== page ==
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GER 494/598; ENG 494/549; HUM 494
Spring 2003, Daniel Gilfillan

**Most of these books have been placed on 3-day course reserve at the Hayden Library. In some instances, I have a personal copy of the book which you may borrow for extended use.

  1. Borgmann, Albert. Holding On to Reality : The Nature of Information at the Turn of the Millennium. Chicago: U of Chicago Pr., 1999.
  2. Conte, Joseph M. Design and Debris. A Chaotics of Postmodern American Fiction. Tuscaloosa, AL: U of Alabama Pr., 2002.
  3. Douglas, J. Yellowlees. The End of Books – Or Books without End? Reading Interactive Narratives. Ann Arbor: U Mich Pr., 2000.
  4. Johnson, Steven. Interface Culture. How Technology Transforms the Way We Create and Communicate. New York: Harper, 1997.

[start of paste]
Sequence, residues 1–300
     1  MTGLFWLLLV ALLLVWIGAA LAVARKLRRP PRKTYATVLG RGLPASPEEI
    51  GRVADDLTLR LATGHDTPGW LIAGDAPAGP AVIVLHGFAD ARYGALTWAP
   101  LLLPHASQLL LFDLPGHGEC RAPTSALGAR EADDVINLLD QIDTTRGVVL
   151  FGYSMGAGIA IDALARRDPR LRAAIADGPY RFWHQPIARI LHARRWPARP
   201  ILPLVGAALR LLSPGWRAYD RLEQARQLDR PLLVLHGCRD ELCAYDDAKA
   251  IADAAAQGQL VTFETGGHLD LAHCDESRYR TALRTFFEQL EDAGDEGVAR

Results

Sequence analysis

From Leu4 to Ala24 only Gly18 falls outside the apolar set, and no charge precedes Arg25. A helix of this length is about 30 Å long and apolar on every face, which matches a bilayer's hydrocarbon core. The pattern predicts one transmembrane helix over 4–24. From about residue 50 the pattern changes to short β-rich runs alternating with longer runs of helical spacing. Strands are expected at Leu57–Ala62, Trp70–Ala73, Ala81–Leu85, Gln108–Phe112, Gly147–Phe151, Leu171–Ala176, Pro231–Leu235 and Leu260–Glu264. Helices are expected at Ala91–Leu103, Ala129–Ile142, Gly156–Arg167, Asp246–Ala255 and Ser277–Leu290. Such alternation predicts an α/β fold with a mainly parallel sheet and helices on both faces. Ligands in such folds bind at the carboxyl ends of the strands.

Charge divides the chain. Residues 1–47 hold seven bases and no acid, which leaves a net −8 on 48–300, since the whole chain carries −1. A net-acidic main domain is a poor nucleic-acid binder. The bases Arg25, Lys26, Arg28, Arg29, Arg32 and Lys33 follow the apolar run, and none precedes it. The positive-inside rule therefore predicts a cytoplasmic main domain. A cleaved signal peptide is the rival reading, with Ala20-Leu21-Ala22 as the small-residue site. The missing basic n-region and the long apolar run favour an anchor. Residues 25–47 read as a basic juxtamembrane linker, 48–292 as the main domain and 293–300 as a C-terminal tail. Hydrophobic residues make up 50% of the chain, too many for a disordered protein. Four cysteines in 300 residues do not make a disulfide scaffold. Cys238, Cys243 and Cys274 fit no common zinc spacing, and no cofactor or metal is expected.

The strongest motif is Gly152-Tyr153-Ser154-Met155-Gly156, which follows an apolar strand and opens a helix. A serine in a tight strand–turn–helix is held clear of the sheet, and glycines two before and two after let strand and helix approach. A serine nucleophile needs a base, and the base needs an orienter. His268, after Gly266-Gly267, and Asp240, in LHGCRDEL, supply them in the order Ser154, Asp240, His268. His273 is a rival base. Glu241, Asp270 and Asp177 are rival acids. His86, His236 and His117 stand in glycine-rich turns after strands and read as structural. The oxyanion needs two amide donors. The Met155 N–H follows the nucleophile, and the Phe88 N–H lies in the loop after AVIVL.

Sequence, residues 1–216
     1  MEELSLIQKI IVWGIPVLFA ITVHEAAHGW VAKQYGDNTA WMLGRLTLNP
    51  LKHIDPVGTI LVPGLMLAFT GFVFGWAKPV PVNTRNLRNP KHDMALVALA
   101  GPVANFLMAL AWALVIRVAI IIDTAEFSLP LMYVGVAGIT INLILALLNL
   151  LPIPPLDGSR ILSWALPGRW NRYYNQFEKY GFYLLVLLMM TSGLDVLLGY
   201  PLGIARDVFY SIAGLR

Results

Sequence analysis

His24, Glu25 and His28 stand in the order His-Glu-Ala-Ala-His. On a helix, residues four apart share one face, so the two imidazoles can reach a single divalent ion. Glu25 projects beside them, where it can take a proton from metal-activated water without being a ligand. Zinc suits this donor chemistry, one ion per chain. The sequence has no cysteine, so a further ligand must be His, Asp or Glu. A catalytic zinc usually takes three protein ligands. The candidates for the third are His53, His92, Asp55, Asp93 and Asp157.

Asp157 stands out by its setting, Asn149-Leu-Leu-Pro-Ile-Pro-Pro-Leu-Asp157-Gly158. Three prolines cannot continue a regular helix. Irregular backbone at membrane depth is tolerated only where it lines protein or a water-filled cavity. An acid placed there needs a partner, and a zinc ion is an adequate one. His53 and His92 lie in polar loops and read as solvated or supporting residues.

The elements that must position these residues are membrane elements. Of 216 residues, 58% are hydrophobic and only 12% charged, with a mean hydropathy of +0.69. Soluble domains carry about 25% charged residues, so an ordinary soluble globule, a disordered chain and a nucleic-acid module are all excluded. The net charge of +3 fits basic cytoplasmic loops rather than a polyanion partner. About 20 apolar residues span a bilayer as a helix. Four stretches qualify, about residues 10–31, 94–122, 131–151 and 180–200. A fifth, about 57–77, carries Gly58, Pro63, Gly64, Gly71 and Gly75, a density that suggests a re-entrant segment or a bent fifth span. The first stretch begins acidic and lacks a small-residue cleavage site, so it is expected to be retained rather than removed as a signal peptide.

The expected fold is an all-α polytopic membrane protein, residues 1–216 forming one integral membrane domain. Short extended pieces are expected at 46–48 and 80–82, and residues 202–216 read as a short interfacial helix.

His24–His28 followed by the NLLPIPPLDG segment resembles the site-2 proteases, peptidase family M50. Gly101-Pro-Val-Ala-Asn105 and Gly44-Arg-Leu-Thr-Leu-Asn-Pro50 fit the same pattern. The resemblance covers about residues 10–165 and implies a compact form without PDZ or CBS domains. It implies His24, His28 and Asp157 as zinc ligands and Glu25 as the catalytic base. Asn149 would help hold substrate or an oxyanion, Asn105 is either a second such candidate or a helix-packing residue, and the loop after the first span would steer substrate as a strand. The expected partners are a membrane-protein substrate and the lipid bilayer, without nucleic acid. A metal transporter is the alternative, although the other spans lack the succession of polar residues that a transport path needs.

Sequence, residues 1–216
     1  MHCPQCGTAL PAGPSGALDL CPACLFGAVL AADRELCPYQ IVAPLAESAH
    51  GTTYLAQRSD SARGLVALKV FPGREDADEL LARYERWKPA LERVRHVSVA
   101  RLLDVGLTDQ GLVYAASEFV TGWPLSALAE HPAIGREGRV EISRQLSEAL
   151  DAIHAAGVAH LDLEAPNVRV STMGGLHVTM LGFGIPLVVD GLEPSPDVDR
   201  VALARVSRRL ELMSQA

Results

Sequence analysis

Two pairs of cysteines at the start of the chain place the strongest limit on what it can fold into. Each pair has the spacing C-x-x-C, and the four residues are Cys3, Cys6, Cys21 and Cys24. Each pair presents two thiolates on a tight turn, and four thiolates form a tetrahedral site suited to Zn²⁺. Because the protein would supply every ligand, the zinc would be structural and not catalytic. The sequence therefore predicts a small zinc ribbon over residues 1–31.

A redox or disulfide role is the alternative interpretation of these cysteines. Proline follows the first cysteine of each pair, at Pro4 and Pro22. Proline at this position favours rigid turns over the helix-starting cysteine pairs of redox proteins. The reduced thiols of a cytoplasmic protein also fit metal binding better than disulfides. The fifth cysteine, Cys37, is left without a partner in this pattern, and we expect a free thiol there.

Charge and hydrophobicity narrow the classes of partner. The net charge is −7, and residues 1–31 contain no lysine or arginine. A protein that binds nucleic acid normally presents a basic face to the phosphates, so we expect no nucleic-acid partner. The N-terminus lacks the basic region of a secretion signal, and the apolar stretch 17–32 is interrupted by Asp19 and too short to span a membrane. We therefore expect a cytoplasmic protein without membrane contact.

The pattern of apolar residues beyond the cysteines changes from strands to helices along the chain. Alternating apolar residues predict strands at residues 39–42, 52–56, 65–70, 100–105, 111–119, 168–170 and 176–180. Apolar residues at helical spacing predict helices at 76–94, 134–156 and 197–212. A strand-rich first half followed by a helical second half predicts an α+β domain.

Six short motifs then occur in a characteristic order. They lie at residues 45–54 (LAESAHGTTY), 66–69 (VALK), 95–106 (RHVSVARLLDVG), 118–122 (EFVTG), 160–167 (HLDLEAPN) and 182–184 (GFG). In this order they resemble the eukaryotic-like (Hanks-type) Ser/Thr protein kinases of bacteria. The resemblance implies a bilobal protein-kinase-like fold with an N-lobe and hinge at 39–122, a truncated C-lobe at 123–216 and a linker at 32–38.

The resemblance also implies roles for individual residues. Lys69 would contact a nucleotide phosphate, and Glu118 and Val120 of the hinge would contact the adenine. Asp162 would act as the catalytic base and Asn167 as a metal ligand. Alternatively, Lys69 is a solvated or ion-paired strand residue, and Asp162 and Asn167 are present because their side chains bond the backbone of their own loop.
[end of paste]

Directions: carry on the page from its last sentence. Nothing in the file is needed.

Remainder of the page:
5. Joyce, Michael. Othermindedness. The Emergence of Network Culture. Ann Arbor: U of Michigan Pr., 2000
  6. Lessig, Lawrence. Code and Other Laws of Cyberspace. New York: Basic, 1999.
  7. Levy, David. Scrolling Forward: Making Sense of Documents in the Digital Age. New York: Arcade, 2001.
  8. Levy, Pierre. Cyberculture. Minneapolis, MN: University of Minnesota Press, 2001.
  9. Levy, Pierre. Becoming Virtual: Reality in the Digital Age. New York: Plenum, 1998.
  10. Lunenfeld, Peter. Digital Dialectic: New Essays on New Media. Cambridge, MA: MIT Pr., 2000.
  11. Lunenfeld, Peter. Snap to Grid:A User's Guide to Digital Arts, Media, and Cultures. Cambridge, MA: MIT Pr., 2000
  12. Manovich, Lev. The Language of New Media. Cambridge, MA: MIT Pr., 2002.
  13. Meadow, Charles T. Ink into Bits. A Web of Converging Media. London: Scarecrow Pr., 1998.
  14. O’ Donnell, James. Avatars of the Word. From Papyrus to Cyberspace. Cambridge, MA: Harvard UP, 1998.


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